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DAVIS COLUMN: Gathering all things Wisconsin
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DAVIS COLUMN: Gathering all things Wisconsin

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Wisconsin residents, as well as those in other states, have, for the last year, been limited in what they deem safe to do during time away from jobs.

That idle time has been expanded exponentially in some situations, as many people lost their jobs.

Gathering is a convenient term for any outside adventure, regardless if it involves taking plants, animals or fungi into possession or just seeing a bird or plant and thinking about it for a moment.

Many folks have turned to gathering Wisconsin in the broadest of ways. That big picture shows gatherers engaging from simply walking out and looking at ice crystals; photographing wildlife struggling through winter; incorporating exercise with observing nature; becoming weekend farmers raising and harvesting; and taking from the wild by fishing, picking, hunting and collecting. All that and much more is how we gather.

In any or all these ways, this gathering has them becoming outdoors men, women and children. There is no need to call them in from the woods. So much the better if they are not out of the woods yet.

These and dozens of other ways now find people have reconnected, or connected, with nature.

In a few cases, the desire to use these activities for food and finances have become the reason to be outside. Some people’s reason is selling artwork created, while others are publishing experiences observed or experienced, guiding others in this lifestyle, bagging a turkey or deer, or frying a fish.

Data is now available for some recreations being practiced. One study found hikes logged in 2020 were up 171%, with the number of hikers increasing 135%. Even those who were already hiking creased their activity level.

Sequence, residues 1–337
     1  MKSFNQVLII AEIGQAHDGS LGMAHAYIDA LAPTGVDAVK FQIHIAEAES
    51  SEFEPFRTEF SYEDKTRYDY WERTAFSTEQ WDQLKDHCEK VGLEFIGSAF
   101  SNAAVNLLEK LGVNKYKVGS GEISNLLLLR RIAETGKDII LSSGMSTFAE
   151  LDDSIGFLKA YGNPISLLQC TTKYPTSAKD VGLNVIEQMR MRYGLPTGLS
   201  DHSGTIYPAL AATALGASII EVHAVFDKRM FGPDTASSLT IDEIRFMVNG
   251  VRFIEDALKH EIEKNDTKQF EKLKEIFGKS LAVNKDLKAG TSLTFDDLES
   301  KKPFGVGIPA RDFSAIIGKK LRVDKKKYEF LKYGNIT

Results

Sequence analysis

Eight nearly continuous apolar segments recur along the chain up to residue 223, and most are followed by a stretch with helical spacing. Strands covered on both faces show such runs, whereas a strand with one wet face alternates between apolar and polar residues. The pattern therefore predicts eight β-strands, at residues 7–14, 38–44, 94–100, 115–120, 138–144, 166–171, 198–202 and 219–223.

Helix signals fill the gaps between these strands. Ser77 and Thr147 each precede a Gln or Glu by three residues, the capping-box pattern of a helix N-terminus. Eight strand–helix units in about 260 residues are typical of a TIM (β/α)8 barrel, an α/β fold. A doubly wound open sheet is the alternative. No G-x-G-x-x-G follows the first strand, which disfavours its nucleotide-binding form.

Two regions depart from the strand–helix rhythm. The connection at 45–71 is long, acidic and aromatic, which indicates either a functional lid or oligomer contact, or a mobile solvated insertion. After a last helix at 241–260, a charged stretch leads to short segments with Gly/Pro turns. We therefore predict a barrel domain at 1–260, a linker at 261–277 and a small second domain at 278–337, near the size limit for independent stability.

These are not made up numbers, as nearly eight million cases were analyzed.

Where hunting and fishing licenses have been required and sold, solid numbers and evidence is also available.

Even returning or new fishers or hunters in some states get a break in license fees, so DNR agencies can say for certain if an increase in hunters is due to those new to the activity or returned after a five-year layoff.

Vortex Optics customer sales specialist, Ryan Muckenhirn, in Barneveld, said the increase in optics for hunting to bird watching has been remarkable.

“Inquiries, email, texts and phone calls are telling us a lot are new to this lifestyle and adventure,” Muckenhirn said. “Hunting, shooting, general birding and bird feeder watchers have picked up binoculars, spotting scopes and are watching out their windows.”

Now that Wisconsin weather has begun to turn more spring-like, activities will surge even more.

“People need to be aware there is still ice and snow, which can be very slippery and sometimes dangerous,” said Doug Williams, of D & W Sports Center in Portage.

Last autumn’s equipment shortages have continued, according to Don Martin, of Martin’s in Monroe.

“So many items, like snowshoes, are just not available,” Martin said. “Ice augers, and reels for ice fishing were ordered but never came. I have a few reels in the case.”

Williams has seen sale of socks, hiking boots and water bottles clear the shelves.

Dealers selling products could not supply hunters with ammunition and warnings were whispered about garden seed supplies being short.

Turkey hunting and calling training sessions and sports shows hyping new products are not scheduled.

Have turkey calls and calling run its course? Maybe to some degree in terms of providing information, but the discussion may still be valuable to put hunters in a mindset to play a tune to a gobbler.

Game feeds were — and will be — greatly missed in some circles, too, just about the time we might like to see what all this wild food tastes like.

Will those turned away by a shortage of supplies get frustrated? Williams doesn’t think so.

“I don’t see that happening because it was families, grandparents, small children, teens all reconnecting in the family and doing something together rather than everyone going their separate ways. They can all ice fish, shoot archery, camp and hike, too,” Williams said.

One might pay visits to second hand stores, garage and yard sales, town cleanup days, and even advertise a need in a local paper.

The winter sturgeon spearing season is going well, in spite of fewer spectator opportunities, which the DNR expects to return.

It appears the on-again, off-again wolf season is running a short course this week.

Animals are becoming stressed, but so far have found survival foods ample. With “snow removal” in the forecast, more vegetation will show, and so will shed antlers.

Contact Jerry Davis, a freelance writer, at sivadjam@mhtc.net or 608-924-1112.

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